Wrap in cling film and set aside for at least 1 hour in the fridge, more if you want them to keep their vibrant colour. If you want to keep it overnight or for more than a day you can place it in the freezer.
Meanwhile we’re going to make our filling. Simply mix the spinach and pear and add it to the goat cheese, mix with a fork and set aside in the fridge.
Dust a workspace with flour and divide your dough into balls. Run them through your pasta machine, starting at the thickest option, working your way down to about 1-2 mm thickness. If your dough feels stick, dust it with a bit of flour to prevent it from sticking to your machine. There are a few ways of making ravioli now, you can make them square or round and you can use a mould or not use it. Because my filling was runny and not solid, I used a mould to prevent the filling from running everywhere. I’ll go over some options for you to make the ravioli:
Use a 7cm cake ring to cut out circles from the pasta sheet, set them aside and then get a single ravioli mould, dust it with some flour every few ravioli’s. Place one pasta circle into the mould, then add a teaspoon of the filling and make the edges around it wet using plain water or egg wash. I wanted to have beautiful round ravioli so I added a second circle on top and pressed down the edges of the sheets together with my hands, then took it out and pressed down from the center, working my way to the edges to get as much air out as possible. The less air we have the less chance that it might burst in the water or cook unevenly. If you don’t mind the shape, you can simply add one sheet, add the filling and then close the mould so you have a half moon ravioli.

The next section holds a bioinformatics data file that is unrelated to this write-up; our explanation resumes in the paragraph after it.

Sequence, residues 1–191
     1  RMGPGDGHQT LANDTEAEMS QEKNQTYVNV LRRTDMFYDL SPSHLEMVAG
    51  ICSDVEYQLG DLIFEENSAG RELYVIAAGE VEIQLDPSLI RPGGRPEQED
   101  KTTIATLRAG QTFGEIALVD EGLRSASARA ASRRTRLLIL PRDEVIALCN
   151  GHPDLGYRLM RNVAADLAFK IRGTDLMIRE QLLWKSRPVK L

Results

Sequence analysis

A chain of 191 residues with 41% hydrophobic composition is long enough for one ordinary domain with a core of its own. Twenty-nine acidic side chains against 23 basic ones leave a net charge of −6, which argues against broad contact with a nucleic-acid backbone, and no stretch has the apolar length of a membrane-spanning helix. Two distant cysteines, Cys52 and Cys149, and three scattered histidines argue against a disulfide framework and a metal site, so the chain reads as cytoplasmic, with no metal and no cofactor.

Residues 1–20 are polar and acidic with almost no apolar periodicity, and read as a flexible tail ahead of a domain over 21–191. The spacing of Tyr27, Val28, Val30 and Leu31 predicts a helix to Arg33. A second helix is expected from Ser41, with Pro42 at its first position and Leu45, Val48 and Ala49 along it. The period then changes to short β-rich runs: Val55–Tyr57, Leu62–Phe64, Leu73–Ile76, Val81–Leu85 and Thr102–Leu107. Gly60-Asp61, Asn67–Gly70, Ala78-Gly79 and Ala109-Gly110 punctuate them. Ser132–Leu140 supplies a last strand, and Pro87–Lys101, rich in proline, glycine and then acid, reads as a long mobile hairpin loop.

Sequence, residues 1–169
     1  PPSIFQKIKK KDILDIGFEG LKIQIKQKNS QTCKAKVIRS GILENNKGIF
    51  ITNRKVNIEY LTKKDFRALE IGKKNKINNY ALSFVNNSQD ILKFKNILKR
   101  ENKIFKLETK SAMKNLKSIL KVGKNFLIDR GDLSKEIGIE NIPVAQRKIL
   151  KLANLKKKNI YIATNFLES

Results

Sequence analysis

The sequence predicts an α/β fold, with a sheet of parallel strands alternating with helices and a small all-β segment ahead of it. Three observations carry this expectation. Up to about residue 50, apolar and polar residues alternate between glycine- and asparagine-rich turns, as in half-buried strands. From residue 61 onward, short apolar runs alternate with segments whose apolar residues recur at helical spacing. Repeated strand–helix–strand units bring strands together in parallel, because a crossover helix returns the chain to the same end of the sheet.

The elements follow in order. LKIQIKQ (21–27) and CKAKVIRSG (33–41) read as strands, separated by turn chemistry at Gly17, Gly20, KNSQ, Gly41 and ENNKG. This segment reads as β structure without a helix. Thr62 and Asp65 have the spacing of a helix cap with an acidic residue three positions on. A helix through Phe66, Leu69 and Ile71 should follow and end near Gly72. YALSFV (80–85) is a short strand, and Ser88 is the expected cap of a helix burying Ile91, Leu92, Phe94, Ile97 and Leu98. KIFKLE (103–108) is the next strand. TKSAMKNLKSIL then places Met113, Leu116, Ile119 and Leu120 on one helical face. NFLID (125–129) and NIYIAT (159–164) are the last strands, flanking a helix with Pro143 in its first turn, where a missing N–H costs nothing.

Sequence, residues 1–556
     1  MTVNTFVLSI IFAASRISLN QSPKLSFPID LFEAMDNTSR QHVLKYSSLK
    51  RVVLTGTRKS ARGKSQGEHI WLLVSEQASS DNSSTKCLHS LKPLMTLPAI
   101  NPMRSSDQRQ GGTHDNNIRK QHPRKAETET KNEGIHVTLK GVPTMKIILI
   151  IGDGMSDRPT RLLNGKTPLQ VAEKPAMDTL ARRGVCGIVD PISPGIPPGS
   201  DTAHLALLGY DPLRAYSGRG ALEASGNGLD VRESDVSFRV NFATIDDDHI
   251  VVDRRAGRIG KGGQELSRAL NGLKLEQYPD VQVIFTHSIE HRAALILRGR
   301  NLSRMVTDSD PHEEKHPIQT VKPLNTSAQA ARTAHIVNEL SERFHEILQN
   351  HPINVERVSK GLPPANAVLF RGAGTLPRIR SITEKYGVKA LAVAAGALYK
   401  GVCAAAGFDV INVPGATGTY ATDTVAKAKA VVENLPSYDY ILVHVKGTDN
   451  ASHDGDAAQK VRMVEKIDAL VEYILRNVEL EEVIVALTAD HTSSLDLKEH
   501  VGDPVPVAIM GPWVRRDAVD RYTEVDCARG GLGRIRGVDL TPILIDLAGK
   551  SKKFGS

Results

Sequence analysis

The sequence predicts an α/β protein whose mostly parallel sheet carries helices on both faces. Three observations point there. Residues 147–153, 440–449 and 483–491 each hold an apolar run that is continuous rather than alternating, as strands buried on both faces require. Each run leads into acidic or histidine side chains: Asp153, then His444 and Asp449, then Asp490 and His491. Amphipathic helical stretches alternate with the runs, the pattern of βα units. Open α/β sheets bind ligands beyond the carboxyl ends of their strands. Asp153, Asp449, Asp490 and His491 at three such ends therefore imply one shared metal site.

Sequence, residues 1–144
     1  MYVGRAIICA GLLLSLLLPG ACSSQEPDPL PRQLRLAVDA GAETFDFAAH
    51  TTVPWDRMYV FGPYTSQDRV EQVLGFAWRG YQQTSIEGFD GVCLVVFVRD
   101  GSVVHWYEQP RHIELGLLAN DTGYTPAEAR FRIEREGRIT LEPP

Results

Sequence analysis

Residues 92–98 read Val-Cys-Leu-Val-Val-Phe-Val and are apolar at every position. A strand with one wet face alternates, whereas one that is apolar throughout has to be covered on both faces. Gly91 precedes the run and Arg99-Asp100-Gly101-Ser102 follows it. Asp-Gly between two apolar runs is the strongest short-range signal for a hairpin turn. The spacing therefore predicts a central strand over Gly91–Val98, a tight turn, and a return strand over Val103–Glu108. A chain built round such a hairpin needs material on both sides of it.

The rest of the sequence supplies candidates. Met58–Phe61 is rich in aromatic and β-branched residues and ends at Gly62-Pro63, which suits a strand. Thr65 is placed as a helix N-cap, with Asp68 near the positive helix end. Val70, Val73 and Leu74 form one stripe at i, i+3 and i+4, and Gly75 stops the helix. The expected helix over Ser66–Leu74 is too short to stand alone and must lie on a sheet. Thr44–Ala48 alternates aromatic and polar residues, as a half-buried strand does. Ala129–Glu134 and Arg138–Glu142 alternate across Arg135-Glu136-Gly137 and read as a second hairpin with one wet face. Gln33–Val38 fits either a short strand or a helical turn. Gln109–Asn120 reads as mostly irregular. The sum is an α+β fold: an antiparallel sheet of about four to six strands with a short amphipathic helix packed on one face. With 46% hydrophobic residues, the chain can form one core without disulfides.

Another technique you can use if your filling is quite thick is to cut two sheets of pasta dough, same thickness (1mm), then put the filling along the middle of one of your pasta sheets, 7 cm apart, then again use water or egg wash to mark the edges of your ravioli (square or round) and place the second layer on top. Again, place your fingers around the center and press down until you reach the edge of your ravioli. Then use a cutter to cut out your ravioli from the sheet. You can use a ribbed cutter to create beautiful edges or just use a round cake ring or just a knife to cut them into squares.
Last but not least you can use a long ravioli plate (dust it with flour) and place one pasta sheet on it, then fill the center with filling, place the top sheet on it and use a rolling pin to get the edges together. I found this one the hardest, as my pasta kept sticking to the plate and burst once I got the ravioli out.
Now boil water with a pinch of salt. Meanwhile heat up a bit of olive oil in a frying pan and add the pistachios. Cook them for 3-5 minutes while you water is getting ready. Now boil your ravioli for about 2 minutes. If they are quite big, go for 3 minutes. Again, try one first and see if the texture is perfect and adjust your timing before boiling them all.
Plating: Add a few ravioli to a plate, drizzle a pinch of balsamic vinegar on top, add a bit of fresh rocket leaves along with our warm pistachios and drizzle some leftover filling on top. Sprinkle parmesan on top and enjoy!